The Cost

I was hellishly jittery before and during my colloquium last Friday. I talked way too fast, but I finished in time, and with that it was basically over. The questions hardly warranted that name; they were conversational or at best informational in nature. The subtext was clearly that my thesis and presentation had left no questions open. When I returned to the room after a token debate among the examiners, they joked it had been a close-run thing. I waited for the explanation, as was probably expected of me. When it came, after a moment of deliberate suspense, it was that the grade scale barely sufficed to grade my work. In the good sense. I.e., they regretted there was nothing on the sweet side of an A+. A typical remark for a couple of CS professors, packaging a compliment in two levels of indirection! They also said it had been a pleasure to read my text. They didn’t mind the few colloquialisms that survived my two proofreaders’ comments. In fact they said they would have enjoyed more of that kind, as a welcome change from the usually dry and boring stuff they get to read.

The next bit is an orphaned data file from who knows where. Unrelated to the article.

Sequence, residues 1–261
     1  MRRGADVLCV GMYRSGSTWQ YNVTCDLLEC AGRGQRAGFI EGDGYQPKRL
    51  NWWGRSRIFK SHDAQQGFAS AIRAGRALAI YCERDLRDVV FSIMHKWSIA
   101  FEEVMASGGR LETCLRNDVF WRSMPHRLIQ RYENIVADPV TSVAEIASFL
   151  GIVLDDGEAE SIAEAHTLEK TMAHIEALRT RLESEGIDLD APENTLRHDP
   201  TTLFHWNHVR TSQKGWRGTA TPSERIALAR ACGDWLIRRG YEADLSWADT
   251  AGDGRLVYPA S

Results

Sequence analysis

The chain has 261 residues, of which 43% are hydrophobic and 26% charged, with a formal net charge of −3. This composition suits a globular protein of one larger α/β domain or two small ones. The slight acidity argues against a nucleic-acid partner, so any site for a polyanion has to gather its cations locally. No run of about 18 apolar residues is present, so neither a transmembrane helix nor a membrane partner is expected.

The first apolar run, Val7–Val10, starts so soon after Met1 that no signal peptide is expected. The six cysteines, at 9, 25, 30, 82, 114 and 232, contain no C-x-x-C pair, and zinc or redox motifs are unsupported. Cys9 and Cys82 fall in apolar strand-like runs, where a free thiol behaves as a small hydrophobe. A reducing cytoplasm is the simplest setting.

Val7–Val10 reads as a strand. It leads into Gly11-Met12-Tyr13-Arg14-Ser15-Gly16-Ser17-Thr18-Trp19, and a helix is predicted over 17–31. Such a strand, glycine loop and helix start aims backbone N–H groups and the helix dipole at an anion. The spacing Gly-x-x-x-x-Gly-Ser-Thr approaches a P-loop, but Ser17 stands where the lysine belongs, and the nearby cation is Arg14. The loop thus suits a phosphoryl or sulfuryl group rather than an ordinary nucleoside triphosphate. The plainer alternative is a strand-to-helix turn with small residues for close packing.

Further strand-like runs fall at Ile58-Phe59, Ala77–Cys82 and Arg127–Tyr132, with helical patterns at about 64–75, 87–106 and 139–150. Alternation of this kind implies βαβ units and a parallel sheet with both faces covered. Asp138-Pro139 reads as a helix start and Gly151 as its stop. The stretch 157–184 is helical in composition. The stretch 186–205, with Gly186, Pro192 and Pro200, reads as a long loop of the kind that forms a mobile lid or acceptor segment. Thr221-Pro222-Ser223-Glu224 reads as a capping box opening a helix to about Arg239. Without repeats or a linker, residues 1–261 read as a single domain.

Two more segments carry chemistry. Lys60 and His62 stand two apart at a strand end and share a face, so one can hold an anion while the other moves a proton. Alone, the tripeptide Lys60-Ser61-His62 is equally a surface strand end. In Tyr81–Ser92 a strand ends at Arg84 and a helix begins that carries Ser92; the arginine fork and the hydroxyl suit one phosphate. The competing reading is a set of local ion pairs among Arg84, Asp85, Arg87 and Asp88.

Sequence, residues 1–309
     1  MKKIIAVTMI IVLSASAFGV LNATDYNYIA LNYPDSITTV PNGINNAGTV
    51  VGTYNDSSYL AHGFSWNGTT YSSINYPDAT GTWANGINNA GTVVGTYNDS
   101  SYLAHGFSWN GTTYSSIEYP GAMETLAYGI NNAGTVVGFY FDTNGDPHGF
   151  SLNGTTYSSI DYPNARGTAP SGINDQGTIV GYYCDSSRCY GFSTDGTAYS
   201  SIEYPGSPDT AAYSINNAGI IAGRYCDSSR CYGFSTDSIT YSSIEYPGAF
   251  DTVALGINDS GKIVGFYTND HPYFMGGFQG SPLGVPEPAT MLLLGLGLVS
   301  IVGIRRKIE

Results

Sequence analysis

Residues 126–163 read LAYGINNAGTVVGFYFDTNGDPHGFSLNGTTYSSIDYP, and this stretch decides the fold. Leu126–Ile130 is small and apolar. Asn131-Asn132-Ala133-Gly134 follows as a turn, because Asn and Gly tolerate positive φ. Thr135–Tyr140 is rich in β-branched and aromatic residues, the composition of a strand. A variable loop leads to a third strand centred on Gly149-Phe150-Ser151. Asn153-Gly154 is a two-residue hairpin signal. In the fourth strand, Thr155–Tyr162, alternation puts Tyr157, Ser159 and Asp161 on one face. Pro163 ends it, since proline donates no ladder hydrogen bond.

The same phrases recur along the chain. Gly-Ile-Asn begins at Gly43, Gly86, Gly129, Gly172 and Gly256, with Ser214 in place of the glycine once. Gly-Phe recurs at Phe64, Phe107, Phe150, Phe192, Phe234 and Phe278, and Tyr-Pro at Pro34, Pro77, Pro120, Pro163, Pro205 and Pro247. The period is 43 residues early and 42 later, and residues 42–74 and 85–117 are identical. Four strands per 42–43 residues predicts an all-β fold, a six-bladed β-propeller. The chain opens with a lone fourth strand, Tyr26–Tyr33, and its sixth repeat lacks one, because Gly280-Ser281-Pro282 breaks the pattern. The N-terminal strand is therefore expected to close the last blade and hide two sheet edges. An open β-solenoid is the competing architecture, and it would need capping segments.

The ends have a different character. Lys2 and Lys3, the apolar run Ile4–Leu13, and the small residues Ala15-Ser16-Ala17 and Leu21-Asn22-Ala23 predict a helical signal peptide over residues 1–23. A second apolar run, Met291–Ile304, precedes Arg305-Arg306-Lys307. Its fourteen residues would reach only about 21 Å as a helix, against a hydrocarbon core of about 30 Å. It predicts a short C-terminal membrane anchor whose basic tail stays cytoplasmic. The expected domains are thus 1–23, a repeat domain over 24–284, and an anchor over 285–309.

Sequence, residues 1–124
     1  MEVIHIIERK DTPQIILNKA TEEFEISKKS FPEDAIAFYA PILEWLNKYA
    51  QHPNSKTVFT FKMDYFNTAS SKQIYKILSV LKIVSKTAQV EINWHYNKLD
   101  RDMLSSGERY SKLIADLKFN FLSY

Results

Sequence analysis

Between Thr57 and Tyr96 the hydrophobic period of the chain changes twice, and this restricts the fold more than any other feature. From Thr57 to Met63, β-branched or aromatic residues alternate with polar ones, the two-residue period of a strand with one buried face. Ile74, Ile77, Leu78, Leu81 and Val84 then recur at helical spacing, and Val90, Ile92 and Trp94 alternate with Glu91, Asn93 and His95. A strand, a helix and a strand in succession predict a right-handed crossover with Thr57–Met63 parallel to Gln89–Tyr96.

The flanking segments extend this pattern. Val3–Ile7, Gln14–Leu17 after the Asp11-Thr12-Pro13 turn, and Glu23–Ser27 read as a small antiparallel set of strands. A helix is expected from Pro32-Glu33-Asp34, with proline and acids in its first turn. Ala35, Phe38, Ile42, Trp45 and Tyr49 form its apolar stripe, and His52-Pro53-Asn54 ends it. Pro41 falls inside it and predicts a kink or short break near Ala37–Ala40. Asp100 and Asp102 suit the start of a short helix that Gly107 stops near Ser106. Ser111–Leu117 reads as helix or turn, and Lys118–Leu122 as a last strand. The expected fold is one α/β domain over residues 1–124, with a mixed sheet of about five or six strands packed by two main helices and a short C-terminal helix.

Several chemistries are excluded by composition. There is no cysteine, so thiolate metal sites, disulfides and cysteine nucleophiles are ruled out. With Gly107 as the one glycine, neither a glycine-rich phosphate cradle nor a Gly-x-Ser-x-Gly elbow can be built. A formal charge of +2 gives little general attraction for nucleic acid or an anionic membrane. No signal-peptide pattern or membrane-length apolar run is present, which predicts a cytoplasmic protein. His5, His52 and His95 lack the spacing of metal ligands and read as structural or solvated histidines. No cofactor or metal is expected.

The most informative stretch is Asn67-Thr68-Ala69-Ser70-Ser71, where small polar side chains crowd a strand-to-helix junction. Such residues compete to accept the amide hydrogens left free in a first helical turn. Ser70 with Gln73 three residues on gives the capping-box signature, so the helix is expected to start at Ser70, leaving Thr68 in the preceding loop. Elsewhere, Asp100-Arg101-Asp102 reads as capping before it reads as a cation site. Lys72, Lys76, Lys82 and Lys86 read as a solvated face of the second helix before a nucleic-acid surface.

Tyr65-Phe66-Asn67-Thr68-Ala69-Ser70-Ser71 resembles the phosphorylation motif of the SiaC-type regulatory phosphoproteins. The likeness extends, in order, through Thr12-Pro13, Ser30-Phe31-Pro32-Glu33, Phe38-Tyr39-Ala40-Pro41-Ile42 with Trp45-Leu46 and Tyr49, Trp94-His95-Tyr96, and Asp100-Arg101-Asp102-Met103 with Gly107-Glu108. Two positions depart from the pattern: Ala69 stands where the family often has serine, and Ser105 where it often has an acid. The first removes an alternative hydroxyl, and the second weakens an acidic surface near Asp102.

So I finished this study program with the 24th A+ in a row, and that one counted 2.5 times a regular grade. Thus my overall record comes to 24 A+ and 1 straight A. In our “points” system, where 15 points is the best possible grade, my average grade is 14.96 points, the tiniest bit shy of perfect, which I suppose is a good thing. The just-not-perfect record I mean. I should be embarrassed. In regular German school notes from 1 (best) to 6 (worst) I calculate my average as 0.71, as an A+ is somewhat paradoxically defined as 0.7 on that scale.

Certainly an excellent record. At this point however I can’t help but reflect what it cost me, and by extension, my family. To start with more figures, in the 6th term I invested an unprecedented (and coincidentally amazingly round) number of 900 hours of work outside lectures. This includes about 110 hours for IT security, 78 hours for Certified Tester, and a staggering 616 hours for the bachelor thesis, which doesn’t even count over 97 more hours spent on learning Scala and functional programming (with a little excursion into Clojure) in the spring term break and all alone beats the combined workload for all courses for every single term save the 4th. In fact, the actual numbers for terms 2 through 6 are, for the 15 weeks of a regular term each, 523.5, 477.75, 672.25, 400.5, and 900 hours, respectively, outside lectures. Of course, this also reflects that in the 6th term we had only two regular lectures instead of the usual four to five. It also shows that in the 5th term I worked two days in addition to attending the study program, dramatically cutting down my available time outside lectures, while in the 6th term I got paid for working on the thesis project.